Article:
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Madame Bovary

Madame Bovary

by Gustave Flaubert

Madame Bovary Part 2, Chapter 11 Summary

  • It turns out that Homais is all excited about some article on curing clubfeet. He’s convinced that Charles should attempt to fix the clubfoot of Hippolyte, a servant at Madame Lefrançois’s inn.
  • Emma is easily convinced. She hopes that the operation will earn Charles some respect and extra cash. This helps a lot with her resolution to stay with him.
  • Charles, despite his profound lack of medical talent, agrees to do it. He prepares for the operation by reading and attempting to understand it, while Homais works on getting Hippolyte himself to agree.
  • Hippolyte gives in to the pharmacist’s goading (and that of the rest of the town, who all feel involved in this process), and accepts the operation.
  • Charles, in the meanwhile, is having a heck of a time figuring out how to fix Hippolyte’s disfigured leg. He’s clearly confused and concerned, but goes ahead gamely anyway. He ends up cutting poor Hippolyte’s Achilles tendon, thinking that it’s the right thing to do. Ugh, just thinking of it gives us the chills.
  • After the operation, which appears at first to be a success, Emma actually voluntarily embraces Charles. The two of them are happier together than we’ve ever seen them. She is finally able to muster up a little bit of affection for poor Charles, who she now views as an up-and-coming surgeon in the making.
  • Homais busily writes up the operation for the Rouen paper, claiming that it’s a complete success.
  • However, this honeymoon period doesn’t last. Five days after the operation, Madame Lefrançois bursts in, claiming that Hippolyte is dying. Charles and Homais rush off to see what’s wrong.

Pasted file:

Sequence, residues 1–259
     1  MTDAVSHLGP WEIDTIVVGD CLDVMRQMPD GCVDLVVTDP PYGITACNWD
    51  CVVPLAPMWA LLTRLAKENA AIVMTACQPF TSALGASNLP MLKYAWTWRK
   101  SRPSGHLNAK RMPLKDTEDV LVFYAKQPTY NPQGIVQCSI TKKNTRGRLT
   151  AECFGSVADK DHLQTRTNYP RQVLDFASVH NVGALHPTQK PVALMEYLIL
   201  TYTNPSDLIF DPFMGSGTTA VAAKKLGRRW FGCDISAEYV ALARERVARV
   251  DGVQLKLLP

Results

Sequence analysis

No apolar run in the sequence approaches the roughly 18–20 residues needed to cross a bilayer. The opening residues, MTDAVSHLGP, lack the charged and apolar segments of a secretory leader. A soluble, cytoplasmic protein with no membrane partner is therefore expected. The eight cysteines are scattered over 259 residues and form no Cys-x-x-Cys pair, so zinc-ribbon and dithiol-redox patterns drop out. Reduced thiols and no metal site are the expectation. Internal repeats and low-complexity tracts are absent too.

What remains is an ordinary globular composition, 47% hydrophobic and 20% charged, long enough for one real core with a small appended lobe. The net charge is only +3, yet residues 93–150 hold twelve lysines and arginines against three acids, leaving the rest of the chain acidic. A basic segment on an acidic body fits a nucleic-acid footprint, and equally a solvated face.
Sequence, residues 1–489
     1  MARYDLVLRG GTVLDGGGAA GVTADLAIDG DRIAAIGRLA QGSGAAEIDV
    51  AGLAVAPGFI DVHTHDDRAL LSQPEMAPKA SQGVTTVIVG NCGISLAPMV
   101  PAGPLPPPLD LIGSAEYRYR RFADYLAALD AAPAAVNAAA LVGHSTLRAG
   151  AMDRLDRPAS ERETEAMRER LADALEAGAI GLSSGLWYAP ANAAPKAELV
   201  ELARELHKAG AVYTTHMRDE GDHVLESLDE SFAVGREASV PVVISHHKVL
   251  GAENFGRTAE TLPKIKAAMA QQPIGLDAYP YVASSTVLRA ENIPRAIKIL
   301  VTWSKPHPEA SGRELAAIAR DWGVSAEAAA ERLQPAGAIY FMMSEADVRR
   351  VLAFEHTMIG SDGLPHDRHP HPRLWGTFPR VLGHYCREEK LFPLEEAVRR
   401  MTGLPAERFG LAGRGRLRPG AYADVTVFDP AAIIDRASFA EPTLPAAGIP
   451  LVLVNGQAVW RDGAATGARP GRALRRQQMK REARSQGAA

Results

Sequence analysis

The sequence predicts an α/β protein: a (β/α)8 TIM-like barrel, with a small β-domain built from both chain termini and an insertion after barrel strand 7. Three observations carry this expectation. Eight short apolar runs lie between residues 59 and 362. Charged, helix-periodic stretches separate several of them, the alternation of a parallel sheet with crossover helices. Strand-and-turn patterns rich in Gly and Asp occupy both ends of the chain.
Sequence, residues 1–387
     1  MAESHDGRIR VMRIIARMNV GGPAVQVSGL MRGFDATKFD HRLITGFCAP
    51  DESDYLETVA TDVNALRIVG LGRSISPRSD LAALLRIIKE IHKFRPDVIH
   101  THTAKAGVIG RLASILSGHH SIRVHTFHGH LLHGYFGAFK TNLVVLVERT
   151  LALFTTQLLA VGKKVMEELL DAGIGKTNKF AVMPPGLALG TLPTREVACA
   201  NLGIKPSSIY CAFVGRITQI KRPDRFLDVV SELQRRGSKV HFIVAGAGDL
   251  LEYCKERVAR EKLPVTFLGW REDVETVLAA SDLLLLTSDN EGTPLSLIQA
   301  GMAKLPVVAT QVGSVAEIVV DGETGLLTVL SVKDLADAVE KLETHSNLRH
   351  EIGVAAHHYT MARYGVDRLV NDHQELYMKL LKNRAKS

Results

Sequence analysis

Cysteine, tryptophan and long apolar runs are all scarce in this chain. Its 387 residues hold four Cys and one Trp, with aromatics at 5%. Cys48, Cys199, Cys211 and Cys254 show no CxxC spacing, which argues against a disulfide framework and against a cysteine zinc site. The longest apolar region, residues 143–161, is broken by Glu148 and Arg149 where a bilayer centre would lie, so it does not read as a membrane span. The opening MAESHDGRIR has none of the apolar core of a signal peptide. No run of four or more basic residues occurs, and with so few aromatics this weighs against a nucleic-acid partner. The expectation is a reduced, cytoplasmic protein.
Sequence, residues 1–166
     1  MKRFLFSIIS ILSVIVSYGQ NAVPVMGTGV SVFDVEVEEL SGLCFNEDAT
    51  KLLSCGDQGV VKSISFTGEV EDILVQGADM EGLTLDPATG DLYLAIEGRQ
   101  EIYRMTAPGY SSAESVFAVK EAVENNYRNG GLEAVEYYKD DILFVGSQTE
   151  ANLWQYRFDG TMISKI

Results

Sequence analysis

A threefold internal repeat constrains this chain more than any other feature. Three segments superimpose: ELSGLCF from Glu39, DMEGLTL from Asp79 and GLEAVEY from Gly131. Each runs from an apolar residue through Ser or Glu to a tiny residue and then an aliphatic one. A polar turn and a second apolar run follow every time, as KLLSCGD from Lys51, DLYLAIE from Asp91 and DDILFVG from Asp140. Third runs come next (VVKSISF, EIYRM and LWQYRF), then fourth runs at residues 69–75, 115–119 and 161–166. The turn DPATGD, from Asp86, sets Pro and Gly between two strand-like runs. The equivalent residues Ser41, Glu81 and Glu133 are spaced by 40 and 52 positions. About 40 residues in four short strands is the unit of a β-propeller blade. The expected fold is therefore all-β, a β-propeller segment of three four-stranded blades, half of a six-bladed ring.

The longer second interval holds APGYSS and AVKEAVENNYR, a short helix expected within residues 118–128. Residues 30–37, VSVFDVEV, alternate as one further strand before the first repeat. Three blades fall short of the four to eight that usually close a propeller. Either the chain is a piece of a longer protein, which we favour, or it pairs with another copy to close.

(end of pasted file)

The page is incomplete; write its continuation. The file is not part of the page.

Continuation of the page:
• Gaah! What isn’t wrong would be a better question. Hippolyte’s foot is a disgusting mass of infection, trapped within the bizarre torture device Charles strapped it into. Ignoring Hippolyte's claims of incredible pain, they put him back in the apparatus.
  • Three days later, though, the infection is way, way worse – it’s so disgusting we don’t even want to tell you about it here. Seriously. GROSS.
  • Everyone tries to make Hippolyte feel better, except for the peasants who come to the inn to play billiards. They just make him feel worse, and tell him that he smells bad.
  • Actually, that’s not just a taunt – it’s true. The gangrenous leg reeks up a storm. Hippolyte is in total despair, but Charles, who has no clue how to fix it, just tells him to eat more lightly (what?).
  • To make matters even worse, Father Bournisien comes over to harass the crippled man about his lack of religion. We’re sure it didn’t exactly make Hippolyte feel any better.
  • Finally, Madame Lefrançois, worried about the lack of improvement, send for Monsieur Canivet, a real M.D. from Neufchâtel.
  • Canivet, who is, unlike Charles, an actual doctor, laughs contemptuously when he sees Hippolyte’s condition, and says what everyone should have known by now – the leg must be amputated. He complains to Homais about practitioners (like Charles) who make use of ridiculous procedures without a thought about the patients…or victims, rather.
  • Homais feels bad, but chooses not to defend Charles – after all, Monsieur Canivet is an important man.
  • The amputation is a big event for the village. Everyone is quite excited, except, presumably, for Hippolyte. Poor guy.
  • Canivet struts into the town, confident in his own abilities. He derides officiers de santé like Charles, claiming that they ruin the reputation of doctors everywhere.
  • Speaking of our old friend, Charles stays at home, miserable, embarrassed, and guilty for the part he’s played in Hippolyte’s disaster.
  • Emma sits by him, humiliated and angry. She’s mad at herself for even hoping that Charles could be anything but mediocre.
  • This is the last straw for Emma. She can’t believe she ever felt bad for cheating on Charles.
  • The angry tension of the Bovary household is broken by a horrifying shriek that echoes through the village. The amputation is underway.
  • Charles and Emma stare at each other through the sounds of Hippolyte’s screams – and to Emma, everything about her husband disgusts her. Her feelings for Rodolphe come rushing back, and it’s as though Charles is permanently alienated from her life from this point on.
  • The operation is apparently over – they see Canivet and Homais leave the inn and return to the pharmacy.
  • Despairing, Charles asks Emma to kiss him. She refuses him violently, and flees the room.
  • Charles has no clue what’s going on.
  • That night, Emma and Rodolphe are reunited in the garden – they kiss passionately, their affair back in full bloom.

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